• Julie Roads says:

    Lanny – you’re right. I’m treading the balance of total, unbridled joy and disappointment & anger.
    I know things will change…they already have.
    Knowing you’re part of my corner of the world, brings me even more hope.

  • Lea says:

    Julie, I loved Lanny’s comment, and I echo his sentiments. I’m also sorry it couldn’t be “pure sweet victory” for all, but I have more hope today than I did yesterday with regard to what is possible. Sending some healing vibes your way, to you and your lovely family. And a hug.

  • daysgoby says:

    Today is a fresh new day. And hopefully we can begin to change people’s minds.

    While I am an American citizen, I live in Canada – where gay marriage has been legal since 2004. Our family structure has not been shaken by this crazy gay stuff. There are no packs of gays wandering the streets, waiting to beat up heterosexual families. This kind of thought is rubbish.

    Our families are healthy and happy, seeing that you can love whomever you choose – and be recognized for it.

    I am still hopefully for America. I think it will take time – although we began a new era yesterday – so perhaps the time when no one feels threatened by a less traditional marriage is coming soon?

  • Julie Roads says:

    Daysgoby…we can only hope. I love the Canadians…haven’t met one that I didn’t like actually. Thank you for your reality based words!

  • Julie Roads says:

    Anne – in CA, I’m told, they had ads running that gay marriage would lead instantly to the teaching of ‘gay’ (what Gay 101?) in the schools. I’m terrified that people believe this. I’m horrified that Gay is still a bad word.

  • Sandra Foyt says:

    Gay Marriage was not an issue on my radar. Frankly, I was amazed to discover these ban propositions. I guess I can still be amazed at how backwards, and un-inclusive, people can be.

    Maybe I’m just an optimist wearing rose-colored glasses, but I expect people to be better than they often are.

    Nevertheless, as President-Elect Obama reminded us, change in America is built brick by brick. I’m going to keep on doing what I can to make a difference, influence opinion, and change the hearts and minds of the next generation.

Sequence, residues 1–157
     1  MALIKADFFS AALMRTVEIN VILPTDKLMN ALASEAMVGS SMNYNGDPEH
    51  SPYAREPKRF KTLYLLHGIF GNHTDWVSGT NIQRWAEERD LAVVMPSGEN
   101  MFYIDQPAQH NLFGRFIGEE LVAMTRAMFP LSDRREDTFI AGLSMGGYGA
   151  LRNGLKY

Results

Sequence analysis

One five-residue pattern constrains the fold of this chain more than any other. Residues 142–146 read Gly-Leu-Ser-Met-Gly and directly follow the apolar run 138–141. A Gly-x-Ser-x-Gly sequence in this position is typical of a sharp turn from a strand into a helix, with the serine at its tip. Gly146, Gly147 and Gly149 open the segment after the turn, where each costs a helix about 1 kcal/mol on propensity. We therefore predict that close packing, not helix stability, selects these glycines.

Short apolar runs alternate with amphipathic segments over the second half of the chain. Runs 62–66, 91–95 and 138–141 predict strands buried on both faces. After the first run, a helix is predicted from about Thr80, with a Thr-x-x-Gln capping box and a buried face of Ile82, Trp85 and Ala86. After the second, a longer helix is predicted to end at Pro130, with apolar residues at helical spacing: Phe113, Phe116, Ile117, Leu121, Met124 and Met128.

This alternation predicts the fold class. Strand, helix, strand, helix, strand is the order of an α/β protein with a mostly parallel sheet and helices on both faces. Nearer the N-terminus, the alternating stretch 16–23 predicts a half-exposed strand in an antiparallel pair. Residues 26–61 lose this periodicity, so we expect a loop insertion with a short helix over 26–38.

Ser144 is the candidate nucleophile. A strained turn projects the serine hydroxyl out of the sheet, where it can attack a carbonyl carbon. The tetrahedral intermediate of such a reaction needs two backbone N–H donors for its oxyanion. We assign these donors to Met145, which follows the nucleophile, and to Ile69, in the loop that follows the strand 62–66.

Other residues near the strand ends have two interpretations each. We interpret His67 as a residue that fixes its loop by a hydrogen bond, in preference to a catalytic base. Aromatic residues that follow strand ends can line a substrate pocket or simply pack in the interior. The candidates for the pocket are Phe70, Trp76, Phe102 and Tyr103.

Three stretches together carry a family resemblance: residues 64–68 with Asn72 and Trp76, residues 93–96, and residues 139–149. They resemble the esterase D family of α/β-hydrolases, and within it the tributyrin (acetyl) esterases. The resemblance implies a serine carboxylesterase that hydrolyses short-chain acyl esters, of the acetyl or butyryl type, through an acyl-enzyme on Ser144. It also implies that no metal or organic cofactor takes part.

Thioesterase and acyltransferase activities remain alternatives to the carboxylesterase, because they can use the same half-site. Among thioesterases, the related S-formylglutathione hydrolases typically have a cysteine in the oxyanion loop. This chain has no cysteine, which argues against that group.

And, I’m glad that we can connect online, and demonstrate that we are not alone in thinking this way.

  • Barbara says:

    I attended my friends’ ceremony at a court house on 10/30. It took less than 5 minutes, but meant so much to all of us. They have been together 20 years, as long as me and my husband. So they’ve been married for 5 days and now what does this mean to them? I couldn’t imagine ever going through that.

  • Julie Roads says:

    Hi Sandra…I both love and loathe the fact that you were unaware! I’d rather you assumed that all people were good and not able to hate and lie in this way. I’m also so glad to have this community online…my family has started making fun of me and saying that social media is like my ‘dungeons and dragons’ – but it’s really my support network of bright, creative, connecting people. Thanks for being one of them.

  • caryl kerns says:

    I’m sorry for your disappointment, and I have several friends who share your frustration. At least, we are moving forward with Obama, which I consider an enormous victory. Try living in conservative, right Cincinnati…it is a challenge for those of us who believe in the rights of the individual.

  • Julie Roads says:

    I hear you! I’m so thrilled about Obama…and for Ohio – so great! Thanks, Uncle Carol, for everything you did for this election!!! Your pavement pounding was really important.